The Gila River
On our way to Safford in eastern Arizona, we stopped to look at Coolidge Dam. A couple sitting in their car asked where we were from and offered stories from their youth, when studly boys jumped from the dam into the sparkling water of San Carlos Lake. Together we studied the high water mark, a grimy ring far above the brown water of the lake. The woman claimed that in the nineties a tribal leader sold the Gila River water rights to the city of Tempe so they could build Tempe Town Lake.
We peered over the downstream side of the dam. In place of the lively river that once carved gorges through the desert, a trickle of chocolate colored water seeped from beneath the towering cement walls. Despite the changes, great blue herons still fished in the shallows and cormorants sunned on boulders far below us.
Just east of the dam turnoff, in the tiny town of Bylas, a Basha’s grocery stood at the edge of the highway. I went in and found the aisles crowded with young Native American families doing their Saturday morning shopping. They pushed carts loaded with 20 pound burlap sacks of dry beans and vats of cooking oil, and their non-perishables came in cans and containers in extra large sizes. These people don’t make it to the market every day or two like us city folks.
In Safford we checked into the Cottage Bed and Breakfast. The charming bungalow nestles in the back garden of the historic Olney House, a grand home built in 1890. Despite the temptations of the Cottage Bakery also on property, we refreshed our water bottles and headed out for our expedition to Gila Box.
We drove east of town, following the Gila River upstream. Neat farms rested smugly in the narrow valley, their croplands laid out like pieces in a carefully stitched quilt. When the road turned north we left the farmland to climb into stark rolling hills of limestone that bristled with ocotillo. Creosote bushes provided sparks of green.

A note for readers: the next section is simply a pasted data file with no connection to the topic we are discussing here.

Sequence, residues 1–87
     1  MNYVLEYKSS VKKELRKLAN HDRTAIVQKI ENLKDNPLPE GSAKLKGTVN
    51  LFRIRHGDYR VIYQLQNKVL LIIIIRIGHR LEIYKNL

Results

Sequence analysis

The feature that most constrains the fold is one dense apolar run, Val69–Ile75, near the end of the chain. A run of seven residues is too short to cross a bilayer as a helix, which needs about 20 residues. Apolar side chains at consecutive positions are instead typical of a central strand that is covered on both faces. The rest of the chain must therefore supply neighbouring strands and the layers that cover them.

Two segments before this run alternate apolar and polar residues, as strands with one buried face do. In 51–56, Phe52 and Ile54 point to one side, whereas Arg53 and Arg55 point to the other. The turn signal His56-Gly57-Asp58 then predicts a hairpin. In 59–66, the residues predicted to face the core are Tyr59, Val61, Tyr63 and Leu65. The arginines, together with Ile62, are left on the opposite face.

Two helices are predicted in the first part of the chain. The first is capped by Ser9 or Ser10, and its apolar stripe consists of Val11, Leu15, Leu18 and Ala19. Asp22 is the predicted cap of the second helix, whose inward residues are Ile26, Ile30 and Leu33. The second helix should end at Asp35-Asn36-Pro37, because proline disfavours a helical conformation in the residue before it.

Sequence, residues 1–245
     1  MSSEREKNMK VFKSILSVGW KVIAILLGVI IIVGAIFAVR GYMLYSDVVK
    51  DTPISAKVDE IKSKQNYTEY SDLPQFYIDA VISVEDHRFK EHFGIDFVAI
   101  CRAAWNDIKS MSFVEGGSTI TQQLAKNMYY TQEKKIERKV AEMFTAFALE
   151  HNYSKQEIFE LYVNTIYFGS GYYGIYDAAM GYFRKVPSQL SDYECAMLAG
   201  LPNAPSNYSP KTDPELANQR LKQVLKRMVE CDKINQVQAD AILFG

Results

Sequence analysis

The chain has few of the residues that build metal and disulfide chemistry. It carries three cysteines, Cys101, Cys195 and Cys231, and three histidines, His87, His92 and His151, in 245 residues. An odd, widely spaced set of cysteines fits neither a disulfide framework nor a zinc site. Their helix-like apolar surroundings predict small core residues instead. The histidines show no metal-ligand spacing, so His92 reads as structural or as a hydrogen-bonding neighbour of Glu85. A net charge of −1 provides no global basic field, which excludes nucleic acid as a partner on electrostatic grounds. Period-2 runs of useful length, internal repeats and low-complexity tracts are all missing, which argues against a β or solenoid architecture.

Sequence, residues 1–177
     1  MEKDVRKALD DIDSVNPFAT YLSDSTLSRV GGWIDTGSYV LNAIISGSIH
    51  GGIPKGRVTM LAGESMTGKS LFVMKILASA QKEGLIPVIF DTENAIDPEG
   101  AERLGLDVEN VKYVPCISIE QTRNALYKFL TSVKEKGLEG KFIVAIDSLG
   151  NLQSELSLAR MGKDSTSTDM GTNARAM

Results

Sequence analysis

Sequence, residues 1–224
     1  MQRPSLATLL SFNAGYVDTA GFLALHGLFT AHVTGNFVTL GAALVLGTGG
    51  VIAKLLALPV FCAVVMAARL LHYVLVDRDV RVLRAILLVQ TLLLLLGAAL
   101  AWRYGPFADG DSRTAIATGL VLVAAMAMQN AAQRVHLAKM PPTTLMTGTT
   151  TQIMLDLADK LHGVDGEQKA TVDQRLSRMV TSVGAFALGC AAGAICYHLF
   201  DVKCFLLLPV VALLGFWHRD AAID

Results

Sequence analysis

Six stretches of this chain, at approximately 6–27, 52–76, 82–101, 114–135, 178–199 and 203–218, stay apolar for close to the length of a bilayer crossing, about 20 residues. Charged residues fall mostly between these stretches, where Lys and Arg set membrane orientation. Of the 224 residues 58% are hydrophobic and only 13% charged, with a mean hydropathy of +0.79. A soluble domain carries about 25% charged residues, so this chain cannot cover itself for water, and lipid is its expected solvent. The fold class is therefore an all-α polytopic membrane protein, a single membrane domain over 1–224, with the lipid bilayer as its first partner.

At the West Entrance to the Gila Box Riparian National Conservation Area, a paved overlook with stone pillars provided an information kiosk and a view of the river and its attendant greenery. Water draws a verdant line in a desert landscape. In every direction wrinkles of tan hills filled the space while distant blue mountains anchored the horizons.
We continued along the maze of well maintained dirt tracks. Our next stop was a picnic area, shady and cool with several picnic tables tucked beneath tall sycamore trees. I followed a trail through dense undergrowth and emerged at a silty patch of beach dotted with river rock and watched over by stately cottonwood trees. The Gila rushed by, but my attention was drawn by the multitude of animal tracks crossing the mud. No breeze stirred the leaves but the water pushed and gurgled its way and insects whined nearby. Here was a world completely different than the stark landscape that lined the road above. I could easily imagine a mountain lion crouched here, lapping at the river.
We drove on and at the next turn off spiraled down a steep incline to Bonita Creek. The track ended abruptly in a sunlit clearing. Trees elbowed each other in the narrow canyon, nearly obliterating peach colored cliffs. Shrubs and grasses grew to the very edge of the shallow stream and bright flowers shined their yellow faces in the clear water. It was very still, incredibly quiet.
There are four perennial waterways at Gila Box, thus the protected status. Bonita Creek and Eagle Creek add their waters to the Gila, and the confluence of the San Francisco River is just upstream. One of only two Riparian National Conservation Areas in the country (the other is the San Pedro River), Gila Box encompasses 23,000 acres and is managed by the BLM. The Area was designated by Congress in 1990. Since then a management plan has been drawn up to deal with the challenges of encouraging recreation while protecting the unique habitat.
The area has a lot to protect. We arrived a bit unprepared for the unmarked roads, so we didn’t find the cliff dwellings, the historic homestead cabins or the petroglyphs. But it was easy to see that this is a mecca for wildlife. The riparian refuge is home to Rocky Mountain bighorn sheep, mountain lions, black bear and over 200 species of birds. I look forward to returning for another visit, to enjoy more of the solitude and beauty of this rare place. And I wouldn’t miss another dinner at Casa Manana in Safford.